An IRA protagonist perhaps too smart for his pursuers, but the recurring character is always entertaining.

Shape, Shine and Shadow


The failure of a resurgent Irish Republican Army–planned bombing in 2016 London puts an Irishman on the run from both MI5 and his boss in Benacre’s (McCann, 2015, etc.) thriller.

A bomb threat tips off MI5 with specific details: a sophisticated device lies in a central London skyscraper. Intelligence officers, including Neill McCormac, surmise it was planted by Michael McCann, already a suspected covert IRA member, a Cleanskin. MI5 manages to locate the nuclear bomb and successfully disarm it before its Easter Friday denotation time. By then, McCann’s over 100 miles away, unaware that IRA surveillance and a clandestine Patricia Whelan have eyes on him. But once McCann realizes nothing exploded in London, he’s on the lam, knowing IRA leader Frank O’Neill’s Middle Eastern terrorist pals will target him for assassination. He goes deep undercover as Russian sailor Yury Borzov while accomplice/warlord Ruslan Barayev ducks out in Amsterdam. There’s a danger, of course, of MI5 tracking down Barayev, having found Mia Dawkin, an escort McCann saw back in ’03 and ’08. Agents themselves are understandably nervous that someone’s got a second nuclear bomb somewhere. Mass killings within an unstable IRA, meanwhile, signal a possible clean slate for McCann—provided he’s not on the hit list, too. The novel opens full tilt, the plans for the bombing a main plot in an earlier McCann book. McCann, as in preceding stories, is delectably complex, easy to cheer on as he skillfully adapts to his Yury persona despite readers’ knowledge that his device would likely have killed countless Londoners. But while it’s fascinating to watch the protagonist incognito, as well as the fallout his actions have for others in his life, it doesn’t afford much suspense. McCann is so good at hiding that he rarely seems to be at any risk and, sure enough, later becomes more invested in having sex with girlfriend Bonnie’s closer-in-age mom, Pat Munro. Regardless, the perspective of MI5 retains a lively narrative, especially its methods— using a keystroke signature like a fingerprint—and collective resolve, periodic talks with Mia evolving into “monthly luncheons.”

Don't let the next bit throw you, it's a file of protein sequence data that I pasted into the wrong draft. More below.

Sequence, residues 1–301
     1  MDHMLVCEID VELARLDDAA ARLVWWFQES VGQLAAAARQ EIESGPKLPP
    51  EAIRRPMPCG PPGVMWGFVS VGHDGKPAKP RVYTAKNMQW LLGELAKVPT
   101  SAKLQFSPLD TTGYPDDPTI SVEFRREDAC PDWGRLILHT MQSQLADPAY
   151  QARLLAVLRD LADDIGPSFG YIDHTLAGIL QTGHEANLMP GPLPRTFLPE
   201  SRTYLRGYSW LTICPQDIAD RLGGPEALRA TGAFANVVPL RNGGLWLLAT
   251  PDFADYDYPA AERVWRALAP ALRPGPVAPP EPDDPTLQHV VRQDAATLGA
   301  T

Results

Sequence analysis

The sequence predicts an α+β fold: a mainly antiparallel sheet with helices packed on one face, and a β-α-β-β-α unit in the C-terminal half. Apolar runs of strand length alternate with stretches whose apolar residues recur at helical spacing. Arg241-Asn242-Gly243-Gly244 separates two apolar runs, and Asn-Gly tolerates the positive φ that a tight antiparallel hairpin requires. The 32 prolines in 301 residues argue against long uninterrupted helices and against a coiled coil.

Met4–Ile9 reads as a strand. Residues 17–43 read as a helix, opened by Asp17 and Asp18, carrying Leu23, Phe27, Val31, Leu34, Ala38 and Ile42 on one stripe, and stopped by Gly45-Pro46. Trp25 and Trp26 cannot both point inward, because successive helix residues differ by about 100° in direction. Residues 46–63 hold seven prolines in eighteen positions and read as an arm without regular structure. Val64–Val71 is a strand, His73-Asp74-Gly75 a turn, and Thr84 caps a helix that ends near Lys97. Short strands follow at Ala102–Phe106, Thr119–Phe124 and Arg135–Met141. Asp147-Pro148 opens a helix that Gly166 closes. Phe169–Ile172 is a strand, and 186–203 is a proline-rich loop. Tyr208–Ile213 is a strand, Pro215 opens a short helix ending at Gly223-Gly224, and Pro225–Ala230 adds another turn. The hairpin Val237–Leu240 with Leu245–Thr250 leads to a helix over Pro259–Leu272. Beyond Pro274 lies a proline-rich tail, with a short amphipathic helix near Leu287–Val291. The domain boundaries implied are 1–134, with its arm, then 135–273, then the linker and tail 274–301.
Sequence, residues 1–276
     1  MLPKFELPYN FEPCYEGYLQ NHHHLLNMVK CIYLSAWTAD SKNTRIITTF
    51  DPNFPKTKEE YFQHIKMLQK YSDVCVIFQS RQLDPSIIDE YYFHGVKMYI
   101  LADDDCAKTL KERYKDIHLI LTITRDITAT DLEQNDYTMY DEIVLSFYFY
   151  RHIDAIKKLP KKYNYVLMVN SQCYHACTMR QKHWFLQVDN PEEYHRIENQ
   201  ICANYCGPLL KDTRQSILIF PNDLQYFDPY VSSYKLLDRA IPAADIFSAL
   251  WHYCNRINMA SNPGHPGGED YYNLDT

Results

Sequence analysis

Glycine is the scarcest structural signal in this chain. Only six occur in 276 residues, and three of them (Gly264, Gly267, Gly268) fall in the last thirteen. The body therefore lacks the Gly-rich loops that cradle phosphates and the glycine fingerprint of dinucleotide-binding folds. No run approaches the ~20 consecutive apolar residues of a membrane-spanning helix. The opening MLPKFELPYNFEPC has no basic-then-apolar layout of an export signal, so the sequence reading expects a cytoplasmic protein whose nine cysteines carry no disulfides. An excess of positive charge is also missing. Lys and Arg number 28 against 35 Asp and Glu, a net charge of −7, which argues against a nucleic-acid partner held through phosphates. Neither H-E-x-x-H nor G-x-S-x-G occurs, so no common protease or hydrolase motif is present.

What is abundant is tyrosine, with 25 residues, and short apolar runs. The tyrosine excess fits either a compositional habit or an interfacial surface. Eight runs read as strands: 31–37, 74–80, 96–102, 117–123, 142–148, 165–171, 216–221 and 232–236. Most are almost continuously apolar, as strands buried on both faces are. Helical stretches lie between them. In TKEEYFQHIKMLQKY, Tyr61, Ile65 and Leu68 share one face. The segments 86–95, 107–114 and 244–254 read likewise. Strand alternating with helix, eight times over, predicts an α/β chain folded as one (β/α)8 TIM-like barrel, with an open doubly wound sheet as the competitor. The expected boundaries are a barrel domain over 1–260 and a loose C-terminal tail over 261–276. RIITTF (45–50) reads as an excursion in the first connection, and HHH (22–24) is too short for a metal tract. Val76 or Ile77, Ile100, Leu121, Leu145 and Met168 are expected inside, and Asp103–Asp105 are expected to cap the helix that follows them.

An IRA protagonist perhaps too smart for his pursuers, but the recurring character is always entertaining.

Pub Date: March 6, 2016


Page Count: 466

Publisher: CreateSpace

Review Posted Online: April 20, 2016

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A tasty, if not always tasteful, tale of supernatural mayhem that fans of King and Crichton alike will enjoy.

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Are we not men? We are—well, ask Bigfoot, as Brooks does in this delightful yarn, following on his bestseller World War Z (2006).